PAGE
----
“I thought I would just do English for another year, and now it’s been 16 years and here I am.”

She said she has grown to love English, though she hadn’t intended on teaching it at first. Mrs. Toweson’s hope to become a teacher began when she fell in love with learning. She said that once in the end of second grade, she got chicken pox.

“I would cry everyday and tell my mom ‘I’m not sick I’m not sick,’” she said, “just to go back to school.”

She also always had a love for children. She ran a daycare at a church, and in college, she conducted summer camps for kids. Mrs. Toweson said that she wanted to teach middle school so she could focus on one subject instead of many. She always thought she would teach elementary, but after student teaching both levels, she decided on teaching middle school.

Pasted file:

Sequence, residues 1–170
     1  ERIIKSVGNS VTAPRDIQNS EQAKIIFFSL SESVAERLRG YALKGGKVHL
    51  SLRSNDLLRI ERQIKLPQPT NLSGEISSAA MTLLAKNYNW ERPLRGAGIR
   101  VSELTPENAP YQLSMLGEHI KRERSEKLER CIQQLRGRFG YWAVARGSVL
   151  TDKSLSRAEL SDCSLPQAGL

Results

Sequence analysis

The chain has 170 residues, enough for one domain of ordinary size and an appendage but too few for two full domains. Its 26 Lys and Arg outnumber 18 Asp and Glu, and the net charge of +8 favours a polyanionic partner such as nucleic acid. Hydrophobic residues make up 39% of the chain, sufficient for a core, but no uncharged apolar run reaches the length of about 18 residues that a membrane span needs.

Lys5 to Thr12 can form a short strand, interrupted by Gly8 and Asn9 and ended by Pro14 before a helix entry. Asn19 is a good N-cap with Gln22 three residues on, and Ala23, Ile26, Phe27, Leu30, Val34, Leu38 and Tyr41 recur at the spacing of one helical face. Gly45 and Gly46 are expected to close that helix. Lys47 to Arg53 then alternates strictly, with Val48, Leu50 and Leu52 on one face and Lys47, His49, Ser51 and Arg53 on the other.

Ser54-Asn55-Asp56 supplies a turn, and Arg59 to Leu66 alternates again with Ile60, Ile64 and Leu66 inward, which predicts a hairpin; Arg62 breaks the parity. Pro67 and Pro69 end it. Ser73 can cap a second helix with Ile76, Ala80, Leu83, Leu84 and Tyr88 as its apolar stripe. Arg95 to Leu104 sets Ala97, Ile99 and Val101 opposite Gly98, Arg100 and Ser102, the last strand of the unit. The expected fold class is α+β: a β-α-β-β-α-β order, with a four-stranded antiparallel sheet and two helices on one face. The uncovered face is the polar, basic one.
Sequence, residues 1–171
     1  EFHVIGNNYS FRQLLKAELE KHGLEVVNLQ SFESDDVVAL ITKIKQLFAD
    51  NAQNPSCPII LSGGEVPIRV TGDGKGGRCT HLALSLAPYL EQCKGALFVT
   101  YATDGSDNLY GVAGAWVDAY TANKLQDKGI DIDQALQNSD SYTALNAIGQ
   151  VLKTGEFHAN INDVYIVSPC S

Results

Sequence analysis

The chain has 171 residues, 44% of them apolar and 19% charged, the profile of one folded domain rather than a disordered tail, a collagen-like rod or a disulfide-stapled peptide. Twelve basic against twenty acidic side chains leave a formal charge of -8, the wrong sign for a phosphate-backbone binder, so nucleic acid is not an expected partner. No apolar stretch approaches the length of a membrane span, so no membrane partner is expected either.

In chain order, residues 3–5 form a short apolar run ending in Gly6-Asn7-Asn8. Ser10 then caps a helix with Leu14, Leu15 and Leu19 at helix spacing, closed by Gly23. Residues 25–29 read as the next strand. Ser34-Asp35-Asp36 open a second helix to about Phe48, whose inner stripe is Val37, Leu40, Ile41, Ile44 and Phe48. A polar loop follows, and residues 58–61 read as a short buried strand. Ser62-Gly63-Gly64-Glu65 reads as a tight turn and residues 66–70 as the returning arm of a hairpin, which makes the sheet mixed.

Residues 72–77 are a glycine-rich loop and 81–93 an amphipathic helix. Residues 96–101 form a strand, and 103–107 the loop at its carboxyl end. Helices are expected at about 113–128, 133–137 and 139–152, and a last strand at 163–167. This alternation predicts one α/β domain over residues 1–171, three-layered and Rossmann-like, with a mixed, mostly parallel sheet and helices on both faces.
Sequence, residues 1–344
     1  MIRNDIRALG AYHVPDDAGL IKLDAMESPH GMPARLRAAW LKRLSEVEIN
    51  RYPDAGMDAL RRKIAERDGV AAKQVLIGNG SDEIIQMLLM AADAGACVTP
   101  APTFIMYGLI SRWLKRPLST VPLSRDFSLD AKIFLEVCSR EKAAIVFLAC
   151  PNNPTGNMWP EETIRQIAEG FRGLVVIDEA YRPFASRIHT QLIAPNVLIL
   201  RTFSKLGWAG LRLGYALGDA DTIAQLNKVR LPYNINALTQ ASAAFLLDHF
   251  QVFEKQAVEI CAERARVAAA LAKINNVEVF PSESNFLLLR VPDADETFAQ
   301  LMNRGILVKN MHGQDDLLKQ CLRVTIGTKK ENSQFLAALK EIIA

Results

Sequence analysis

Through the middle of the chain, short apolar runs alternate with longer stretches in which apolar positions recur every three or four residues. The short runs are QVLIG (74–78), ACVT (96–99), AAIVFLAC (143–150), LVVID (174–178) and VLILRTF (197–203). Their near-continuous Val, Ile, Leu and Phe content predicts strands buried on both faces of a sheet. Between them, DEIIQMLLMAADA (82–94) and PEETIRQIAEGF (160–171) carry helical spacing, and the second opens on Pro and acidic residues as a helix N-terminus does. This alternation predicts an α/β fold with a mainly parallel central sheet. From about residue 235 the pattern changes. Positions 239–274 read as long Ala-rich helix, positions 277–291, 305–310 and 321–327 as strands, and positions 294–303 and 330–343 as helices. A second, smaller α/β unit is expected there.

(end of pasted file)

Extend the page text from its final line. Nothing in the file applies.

“I just thought I would do a better job,” she says.

There are teachers at Carson who have also had a difficult journey to get where they are now.

At just 11 years old, Mr. Shah, a seventh grade science teacher on the Trailblazers team, moved to America to escape from Afghanistan. His family had to flee from Afghanistan during the Soviet invasion because both of his parents worked with Americans at the time. When the American Embassy closed, they had been suggested to leave for safety.

Mr. Shah has now been teaching for 26 years. He says he has four or six more years to go to retire.

“I’m getting old,” he jokes.

He got his bachelor’s degree and master’s degree at George Mason and started teaching at age 22.

“I didn’t really want to become a teacher,” he said.